Mailing List Archive

[Date Prev][Date Next][Thread Prev][Thread Next][Date Index][Thread Index]

Re: [Lingo] 黒犬 vs. 黒い犬

On 1 September 2017 at 14:28, Stephen J. Turnbull
<> wrote:
> My guess is that translate has a rule based on phonology.  (For those
> who don't know much technical linguistics, phonetics is stuff like
> "English doesn't have the glottal stop 'small tsu', Japanese does, but
> it doesn't have 'l'."  Phonology explains how sounds combine.  For
> example, in pluralization in English you "add s" in spelling, but in
> speech you say pigS, but foxeZ.  It's possible to say foxeS, consider
> exceSS, but you don't.)  In Japanese, ○くk- has a phonological rule
> that changes it to ○っk- (where "k-" indicates any of かきくけこ).
> So here こくけん -> こっけん.
> Why does translate apply this rule?  Well, I can't find 黒犬 in the
> dictionary (and in my IME くろいぬ -> 黒 + 犬, not 黒犬, of course an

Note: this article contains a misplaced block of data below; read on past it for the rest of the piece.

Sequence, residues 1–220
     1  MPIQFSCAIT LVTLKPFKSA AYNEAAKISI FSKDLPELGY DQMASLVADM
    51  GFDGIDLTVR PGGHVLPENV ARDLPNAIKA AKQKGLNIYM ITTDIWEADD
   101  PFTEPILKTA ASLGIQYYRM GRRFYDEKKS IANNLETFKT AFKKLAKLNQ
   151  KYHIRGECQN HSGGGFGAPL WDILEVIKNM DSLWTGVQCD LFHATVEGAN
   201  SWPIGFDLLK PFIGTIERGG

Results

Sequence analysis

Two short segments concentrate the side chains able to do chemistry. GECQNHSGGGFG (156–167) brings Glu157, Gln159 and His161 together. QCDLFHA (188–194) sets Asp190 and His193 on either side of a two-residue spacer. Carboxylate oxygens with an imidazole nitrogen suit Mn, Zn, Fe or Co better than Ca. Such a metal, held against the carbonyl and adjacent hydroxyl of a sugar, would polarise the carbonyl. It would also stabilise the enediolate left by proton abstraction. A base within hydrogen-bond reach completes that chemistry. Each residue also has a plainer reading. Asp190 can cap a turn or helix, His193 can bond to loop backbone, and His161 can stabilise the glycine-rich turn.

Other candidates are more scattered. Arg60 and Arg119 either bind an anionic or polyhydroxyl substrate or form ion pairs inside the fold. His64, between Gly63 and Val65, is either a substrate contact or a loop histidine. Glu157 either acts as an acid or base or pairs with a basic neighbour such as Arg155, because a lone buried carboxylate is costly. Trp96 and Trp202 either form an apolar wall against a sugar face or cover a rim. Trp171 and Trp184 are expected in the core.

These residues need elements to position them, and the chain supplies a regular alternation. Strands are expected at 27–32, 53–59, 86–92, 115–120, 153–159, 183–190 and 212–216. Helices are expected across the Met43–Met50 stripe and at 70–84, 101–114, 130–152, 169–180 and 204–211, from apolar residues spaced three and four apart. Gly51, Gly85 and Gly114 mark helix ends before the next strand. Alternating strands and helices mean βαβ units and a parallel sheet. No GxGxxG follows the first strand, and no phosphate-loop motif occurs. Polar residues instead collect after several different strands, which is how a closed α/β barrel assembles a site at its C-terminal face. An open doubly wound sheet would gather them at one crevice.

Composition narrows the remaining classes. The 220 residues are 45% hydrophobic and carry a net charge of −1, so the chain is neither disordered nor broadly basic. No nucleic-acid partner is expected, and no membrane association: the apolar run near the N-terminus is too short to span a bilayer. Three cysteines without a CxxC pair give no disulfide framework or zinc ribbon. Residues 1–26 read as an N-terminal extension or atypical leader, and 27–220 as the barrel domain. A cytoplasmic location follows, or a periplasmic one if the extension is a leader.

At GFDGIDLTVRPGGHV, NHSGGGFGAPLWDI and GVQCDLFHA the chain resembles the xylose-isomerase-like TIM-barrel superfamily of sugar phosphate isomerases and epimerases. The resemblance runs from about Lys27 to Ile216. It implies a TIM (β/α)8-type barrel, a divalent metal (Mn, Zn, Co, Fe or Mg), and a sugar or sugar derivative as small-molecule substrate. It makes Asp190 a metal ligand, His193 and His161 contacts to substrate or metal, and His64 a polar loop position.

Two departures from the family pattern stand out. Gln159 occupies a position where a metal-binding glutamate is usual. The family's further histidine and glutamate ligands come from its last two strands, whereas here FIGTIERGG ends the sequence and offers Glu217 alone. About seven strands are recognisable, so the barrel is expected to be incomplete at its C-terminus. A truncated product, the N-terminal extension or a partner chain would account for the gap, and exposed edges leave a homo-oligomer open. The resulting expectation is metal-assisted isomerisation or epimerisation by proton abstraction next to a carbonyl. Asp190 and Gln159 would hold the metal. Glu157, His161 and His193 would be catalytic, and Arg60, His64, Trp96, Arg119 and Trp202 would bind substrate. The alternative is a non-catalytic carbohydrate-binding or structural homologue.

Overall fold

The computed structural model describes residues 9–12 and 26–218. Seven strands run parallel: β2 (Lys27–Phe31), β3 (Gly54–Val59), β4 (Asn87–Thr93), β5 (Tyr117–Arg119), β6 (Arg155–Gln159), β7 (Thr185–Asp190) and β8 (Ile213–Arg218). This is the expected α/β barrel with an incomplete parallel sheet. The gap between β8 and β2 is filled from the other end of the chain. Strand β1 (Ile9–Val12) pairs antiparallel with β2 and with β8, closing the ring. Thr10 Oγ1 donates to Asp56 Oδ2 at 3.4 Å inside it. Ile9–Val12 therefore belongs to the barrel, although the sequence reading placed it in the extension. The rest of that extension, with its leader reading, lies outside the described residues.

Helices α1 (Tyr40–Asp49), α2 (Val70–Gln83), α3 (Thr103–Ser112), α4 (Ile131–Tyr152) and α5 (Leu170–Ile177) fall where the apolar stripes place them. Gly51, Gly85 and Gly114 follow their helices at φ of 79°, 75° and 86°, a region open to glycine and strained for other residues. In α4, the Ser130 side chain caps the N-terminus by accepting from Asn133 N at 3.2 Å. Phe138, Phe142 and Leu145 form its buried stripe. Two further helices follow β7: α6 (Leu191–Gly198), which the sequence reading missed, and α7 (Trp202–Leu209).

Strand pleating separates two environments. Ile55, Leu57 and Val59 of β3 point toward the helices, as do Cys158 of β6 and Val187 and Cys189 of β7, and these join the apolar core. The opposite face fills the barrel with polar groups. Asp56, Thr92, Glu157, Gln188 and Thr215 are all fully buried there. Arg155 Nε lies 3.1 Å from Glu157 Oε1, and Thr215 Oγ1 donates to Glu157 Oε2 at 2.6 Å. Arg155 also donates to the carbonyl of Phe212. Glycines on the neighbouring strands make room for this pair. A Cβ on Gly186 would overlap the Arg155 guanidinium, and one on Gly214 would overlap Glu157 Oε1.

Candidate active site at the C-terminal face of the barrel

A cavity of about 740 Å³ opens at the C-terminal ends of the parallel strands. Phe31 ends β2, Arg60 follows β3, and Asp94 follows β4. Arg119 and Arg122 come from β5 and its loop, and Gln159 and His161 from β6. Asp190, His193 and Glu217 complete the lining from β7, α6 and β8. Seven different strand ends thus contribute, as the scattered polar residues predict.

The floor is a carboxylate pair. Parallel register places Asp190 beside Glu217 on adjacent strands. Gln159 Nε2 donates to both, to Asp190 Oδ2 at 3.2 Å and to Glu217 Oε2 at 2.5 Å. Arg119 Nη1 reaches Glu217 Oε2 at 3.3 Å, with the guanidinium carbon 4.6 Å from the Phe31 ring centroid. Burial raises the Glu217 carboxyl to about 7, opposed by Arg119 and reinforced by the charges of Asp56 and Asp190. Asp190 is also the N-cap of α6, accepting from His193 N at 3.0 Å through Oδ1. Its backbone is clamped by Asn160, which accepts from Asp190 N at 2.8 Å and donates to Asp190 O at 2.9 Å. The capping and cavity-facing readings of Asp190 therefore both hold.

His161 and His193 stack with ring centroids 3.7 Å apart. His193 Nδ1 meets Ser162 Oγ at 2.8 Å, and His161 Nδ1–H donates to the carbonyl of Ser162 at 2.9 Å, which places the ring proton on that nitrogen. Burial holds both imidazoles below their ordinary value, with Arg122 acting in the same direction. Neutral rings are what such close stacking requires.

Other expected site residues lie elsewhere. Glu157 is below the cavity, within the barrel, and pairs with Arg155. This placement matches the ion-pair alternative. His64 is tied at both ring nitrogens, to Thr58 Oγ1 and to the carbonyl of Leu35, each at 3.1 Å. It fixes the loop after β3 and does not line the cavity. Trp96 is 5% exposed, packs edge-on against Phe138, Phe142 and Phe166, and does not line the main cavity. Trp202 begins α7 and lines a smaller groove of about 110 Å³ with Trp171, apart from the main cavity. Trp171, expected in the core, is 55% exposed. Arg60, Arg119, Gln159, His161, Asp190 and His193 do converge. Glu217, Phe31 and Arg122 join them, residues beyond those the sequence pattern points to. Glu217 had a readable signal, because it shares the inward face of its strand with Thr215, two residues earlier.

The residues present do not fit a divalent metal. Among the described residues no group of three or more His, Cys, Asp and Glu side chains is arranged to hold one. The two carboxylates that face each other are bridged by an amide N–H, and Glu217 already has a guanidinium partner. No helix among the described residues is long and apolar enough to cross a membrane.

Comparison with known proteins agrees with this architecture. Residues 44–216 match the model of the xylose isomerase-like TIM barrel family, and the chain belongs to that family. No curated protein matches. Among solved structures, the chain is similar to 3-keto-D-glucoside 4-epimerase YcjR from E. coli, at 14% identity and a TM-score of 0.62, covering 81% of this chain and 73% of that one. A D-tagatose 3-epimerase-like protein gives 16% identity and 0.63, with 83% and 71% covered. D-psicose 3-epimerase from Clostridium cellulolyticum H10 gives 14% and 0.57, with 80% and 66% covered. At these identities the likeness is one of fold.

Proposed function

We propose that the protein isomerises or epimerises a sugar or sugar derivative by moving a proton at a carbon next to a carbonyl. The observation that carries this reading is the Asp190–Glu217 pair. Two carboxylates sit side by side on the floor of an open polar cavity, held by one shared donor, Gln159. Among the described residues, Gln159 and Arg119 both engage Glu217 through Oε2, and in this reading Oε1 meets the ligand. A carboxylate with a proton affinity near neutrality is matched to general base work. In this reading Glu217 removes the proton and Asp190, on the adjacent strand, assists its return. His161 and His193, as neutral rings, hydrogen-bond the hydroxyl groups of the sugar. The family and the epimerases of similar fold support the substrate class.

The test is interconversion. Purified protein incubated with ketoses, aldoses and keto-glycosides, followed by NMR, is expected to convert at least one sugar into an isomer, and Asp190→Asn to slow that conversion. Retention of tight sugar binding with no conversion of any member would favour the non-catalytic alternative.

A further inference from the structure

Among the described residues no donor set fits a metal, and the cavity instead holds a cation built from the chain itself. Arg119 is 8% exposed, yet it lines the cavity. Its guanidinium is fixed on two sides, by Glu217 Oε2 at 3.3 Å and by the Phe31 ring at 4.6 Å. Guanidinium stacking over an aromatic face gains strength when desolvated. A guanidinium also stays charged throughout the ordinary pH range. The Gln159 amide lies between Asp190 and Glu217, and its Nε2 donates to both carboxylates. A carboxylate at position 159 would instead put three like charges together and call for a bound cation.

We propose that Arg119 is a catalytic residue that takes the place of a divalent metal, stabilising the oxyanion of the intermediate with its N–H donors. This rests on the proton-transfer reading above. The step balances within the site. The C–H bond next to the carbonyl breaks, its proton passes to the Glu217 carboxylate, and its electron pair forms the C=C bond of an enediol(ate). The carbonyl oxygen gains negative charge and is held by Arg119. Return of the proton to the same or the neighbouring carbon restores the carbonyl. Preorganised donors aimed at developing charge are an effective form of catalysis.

> immediate confirmation enters the jukugo).  So it's probably not in
> Google's dictionary either.  Without the dictionary entry or the gobi
> い (ie, 黒い犬), translate appears to guess that it's an on-yomi word,
> reads the characters as こくけん, and then applies the phonological
> rule to get こっけん.

I agree with Steve's analysis.

> Well, Japanese do love their contractions, and here probably 黒犬 is a
> descriptive name for the dog, rather than just a description.  I would
> imagine that it would be read kun-yomi, as くろいぬ, and 白犬 as
> しろいぬ.  If it were supposed to be read くろいいぬ, I would think it
> would be written 黒い犬.

黒犬/くろいぬ can be found various places, including the Unidic morpheme
lexicon and Halpern's Japanese linguistics database. Googling for it
and looking at the images shows a squillion black dogs.
白犬 is in the same places, and is even in 広辞苑 meaning:


Jim Breen
Adjunct Snr Research Fellow, Japanese Studies Centre, Monash University

Home | Main Index | Thread Index

Home Page Mailing List Linux and Japan TLUG Members Links